A well-rounded roundtable: students, professors, professionals and a Commission representative discuss how to regulate the Internet
On the 4th of December, the Faculty of Law hosted a roundtable discussion on the upcoming EU Copyright Directive (2019/790) with viewpoints from students, the Commission, and Academics. The discussion focused on controversial provisions of this contested legislation.
The controversial Copyright Directive on the Digital Single Market (2019/790) has been one of the most discussed piece of EU legislation in decades. What makes the Directive so contested is a twofold context: First, the Directive is aimed at possibly having significant effects on the everyday working of the Internet and hence on a significant part of everyone’s life. Second, its earliest drafts contained some language that has caused advocates of copyright protection and freedom of expression to rise up to virtual barricades. The roundtable discussion focussed in particular on
the vague jargon, to which now the national legislatures have to give concrete meaning.
The first and probably most contentious topic addressed regards the ”upload filters” in Article 17. Under Article 17, the first option for online content-sharing service providers (OCSSPs) for compliance would be to acquire authorisation (/licenses) from collecting societies for the hosting of its content. However this is not practically possible for an OCSSP that hosts a multitude of different content from different rightsholders. Thus according to the reading of Article 17(4), the OCSSP will in practice have to employ ”upload filters” to scan all of the content coming to its platform by technological means, which raises serious questions as to the realisation of more nuanced legal rights and exemptions such as parody and transformative works.
Students, professors and an expert from the Commission discussed how the unavailability of such licensing deals from collection societies constitutes a problem. Currently there is no framework for OCSSPs to acquire broad licenses. This possibility relied upon in the Directive was, according to the roundtable, ”ahead of its time”. As the licensing possibilities are not matched, OCSSPs are expected to resort to upload filters by default and the authorisation possibility may simply be forgotten.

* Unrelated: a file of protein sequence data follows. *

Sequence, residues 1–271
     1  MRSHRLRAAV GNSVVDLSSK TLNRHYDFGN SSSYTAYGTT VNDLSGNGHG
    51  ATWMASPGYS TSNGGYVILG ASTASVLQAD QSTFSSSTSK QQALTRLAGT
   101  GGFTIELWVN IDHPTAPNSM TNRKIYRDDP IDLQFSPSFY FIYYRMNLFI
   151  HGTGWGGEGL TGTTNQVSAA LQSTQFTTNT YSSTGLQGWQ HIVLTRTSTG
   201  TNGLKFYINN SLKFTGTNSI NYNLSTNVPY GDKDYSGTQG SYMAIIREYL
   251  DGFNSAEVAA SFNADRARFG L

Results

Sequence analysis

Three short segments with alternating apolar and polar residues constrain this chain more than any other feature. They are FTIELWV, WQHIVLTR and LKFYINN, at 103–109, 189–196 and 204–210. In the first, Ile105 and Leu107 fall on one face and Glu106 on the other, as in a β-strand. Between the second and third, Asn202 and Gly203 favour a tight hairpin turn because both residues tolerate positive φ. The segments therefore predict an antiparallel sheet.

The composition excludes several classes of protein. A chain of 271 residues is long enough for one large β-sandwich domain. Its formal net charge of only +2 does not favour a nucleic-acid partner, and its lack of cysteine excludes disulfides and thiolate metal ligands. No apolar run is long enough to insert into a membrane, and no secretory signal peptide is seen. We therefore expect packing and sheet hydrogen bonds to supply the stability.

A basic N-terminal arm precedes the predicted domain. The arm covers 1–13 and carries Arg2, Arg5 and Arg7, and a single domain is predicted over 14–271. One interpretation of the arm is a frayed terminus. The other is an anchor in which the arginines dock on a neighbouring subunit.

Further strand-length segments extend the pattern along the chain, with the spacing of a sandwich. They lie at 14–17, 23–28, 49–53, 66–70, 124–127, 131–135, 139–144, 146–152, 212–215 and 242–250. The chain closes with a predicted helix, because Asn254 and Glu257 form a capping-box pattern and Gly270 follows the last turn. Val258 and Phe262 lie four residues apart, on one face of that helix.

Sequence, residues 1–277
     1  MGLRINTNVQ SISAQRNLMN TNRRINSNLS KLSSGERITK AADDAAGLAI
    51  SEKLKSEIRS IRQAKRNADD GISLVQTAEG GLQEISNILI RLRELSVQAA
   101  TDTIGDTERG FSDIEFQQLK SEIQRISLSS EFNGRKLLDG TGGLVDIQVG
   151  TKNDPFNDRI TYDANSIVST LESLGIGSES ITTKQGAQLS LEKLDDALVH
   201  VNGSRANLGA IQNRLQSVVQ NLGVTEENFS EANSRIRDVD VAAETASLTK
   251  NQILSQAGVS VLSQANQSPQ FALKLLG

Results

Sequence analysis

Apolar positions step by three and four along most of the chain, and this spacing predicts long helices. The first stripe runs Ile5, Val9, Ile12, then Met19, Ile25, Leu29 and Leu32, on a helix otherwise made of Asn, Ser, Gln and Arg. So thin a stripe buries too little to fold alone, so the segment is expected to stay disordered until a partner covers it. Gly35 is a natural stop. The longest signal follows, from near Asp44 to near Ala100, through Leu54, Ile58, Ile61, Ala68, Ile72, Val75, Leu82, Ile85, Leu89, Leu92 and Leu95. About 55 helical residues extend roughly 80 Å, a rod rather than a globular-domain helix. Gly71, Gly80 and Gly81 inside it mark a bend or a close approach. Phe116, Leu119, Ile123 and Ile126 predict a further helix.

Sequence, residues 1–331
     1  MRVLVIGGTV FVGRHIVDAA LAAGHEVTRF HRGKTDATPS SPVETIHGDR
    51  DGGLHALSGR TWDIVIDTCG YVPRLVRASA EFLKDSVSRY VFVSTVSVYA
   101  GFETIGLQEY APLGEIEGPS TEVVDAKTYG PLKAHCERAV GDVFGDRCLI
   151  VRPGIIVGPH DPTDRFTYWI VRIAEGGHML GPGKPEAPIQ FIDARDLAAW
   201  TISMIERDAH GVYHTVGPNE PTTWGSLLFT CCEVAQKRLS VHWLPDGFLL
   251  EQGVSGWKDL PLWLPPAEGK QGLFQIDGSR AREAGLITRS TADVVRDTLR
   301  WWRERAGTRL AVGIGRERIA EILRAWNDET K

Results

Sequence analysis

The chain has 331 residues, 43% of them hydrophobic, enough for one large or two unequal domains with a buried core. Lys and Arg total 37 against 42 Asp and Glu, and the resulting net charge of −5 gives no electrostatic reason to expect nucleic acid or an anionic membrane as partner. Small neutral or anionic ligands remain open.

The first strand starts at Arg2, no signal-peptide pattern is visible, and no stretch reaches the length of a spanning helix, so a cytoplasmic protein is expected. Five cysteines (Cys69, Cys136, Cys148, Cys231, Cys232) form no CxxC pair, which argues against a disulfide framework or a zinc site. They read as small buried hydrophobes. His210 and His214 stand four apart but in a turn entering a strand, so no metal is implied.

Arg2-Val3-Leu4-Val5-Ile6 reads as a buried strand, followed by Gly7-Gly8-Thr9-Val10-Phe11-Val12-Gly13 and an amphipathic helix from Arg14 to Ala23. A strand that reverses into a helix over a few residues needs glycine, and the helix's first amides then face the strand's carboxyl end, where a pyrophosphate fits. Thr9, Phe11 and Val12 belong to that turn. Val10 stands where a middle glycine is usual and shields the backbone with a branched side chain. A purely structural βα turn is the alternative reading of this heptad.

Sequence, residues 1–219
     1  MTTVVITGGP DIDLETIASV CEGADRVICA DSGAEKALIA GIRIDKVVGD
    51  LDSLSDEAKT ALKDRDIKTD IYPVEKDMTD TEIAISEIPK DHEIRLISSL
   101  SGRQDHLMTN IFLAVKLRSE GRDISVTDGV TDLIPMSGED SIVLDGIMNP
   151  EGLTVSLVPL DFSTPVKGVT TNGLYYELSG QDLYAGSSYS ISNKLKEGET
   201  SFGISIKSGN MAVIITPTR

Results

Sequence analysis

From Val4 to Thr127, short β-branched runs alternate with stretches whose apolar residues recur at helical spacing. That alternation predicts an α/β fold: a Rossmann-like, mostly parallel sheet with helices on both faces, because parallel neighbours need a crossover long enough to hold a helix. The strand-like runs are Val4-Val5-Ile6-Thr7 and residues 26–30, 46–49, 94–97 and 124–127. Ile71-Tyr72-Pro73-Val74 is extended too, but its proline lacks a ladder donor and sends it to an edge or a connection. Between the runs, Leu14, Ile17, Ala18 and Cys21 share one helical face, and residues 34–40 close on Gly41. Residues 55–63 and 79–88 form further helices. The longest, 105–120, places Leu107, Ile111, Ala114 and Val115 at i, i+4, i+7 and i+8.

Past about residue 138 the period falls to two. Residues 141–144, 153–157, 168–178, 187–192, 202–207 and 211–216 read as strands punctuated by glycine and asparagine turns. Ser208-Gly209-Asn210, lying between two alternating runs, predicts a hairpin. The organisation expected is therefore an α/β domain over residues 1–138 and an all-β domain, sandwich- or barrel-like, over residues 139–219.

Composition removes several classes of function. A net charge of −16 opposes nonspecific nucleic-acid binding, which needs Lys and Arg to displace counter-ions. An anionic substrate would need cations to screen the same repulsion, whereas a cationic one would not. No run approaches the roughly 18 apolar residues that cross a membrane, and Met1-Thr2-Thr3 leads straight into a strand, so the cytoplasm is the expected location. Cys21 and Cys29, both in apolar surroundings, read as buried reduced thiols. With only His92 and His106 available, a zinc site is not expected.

These filters have been very controversial since their introduction in the original proposal of the Commission for a good reason: filtering all content with a faceless algorithm does sound very Orwellian. However, during the roundtable discussion, it became clear that these kinds of algorithms are not that rare and in fact most of the OCSSPs of interest already employ them semi-successfully. This puts the Directive in the context where it codifies standards to which many platforms already adhere. However, students remarked that this could put smaller platforms at a disadvantage, especially if they are acting on a voluntary basis or without profit. Upload filters also raise issues regarding who would police them and how fundamental rights would be protected if most, if not all, content we experience in these platforms is filtered through some algorithm. We will have to await national implementing legislation to provide further details.
The Directive also introduces a kind of ”link tax”, which allows for more traditional news outlets to be reimbursed by OCSSPs. A good example is Facebook or Google News, where news articles appear as hyperlinks with a small abstract of the text. The rationale provided by the legislator for this tax is that OCSSPs are slowly but surely taking over the news industry and there is an overall sentiment among the public that more traditional news outlets are more reliable and more accountable on their practices.
This decision sparked a debate where the criticism for the measure was especially directed at the fact that this is yet another step away from the safeguard originally enjoyed by OCSSPs, which were not obliged to monitor uploaded content for infringing material. Students wondered why new social media platforms should pay newspapers when hyperlinks actually garner more readers for them? It seems that this reimbursement reinforces traditional media on the cost of new media and one can’t help but wonder about its underlying justification. The provision is especially interesting as not many previous national measures existed that resembling the rule and from which success or failure could be determined.
Debate with policy-makers
Students as well academic and EU Commission staff highly appreciated the open discussion enabled through the roundtable. The new Copyright Directive is an important piece of legislation that is possibly marking a huge turning point in how the EU regulates the Internet. Discussing with policy-makers on how the new rules may affect citizens’ daily life presented a great opportunity.
Written by Jalmari Männistö, 3rd year Bachelor student of the Jean Monnet Module Intellectual Property in the Digital Single Market - More blogs on Law Blogs Maastricht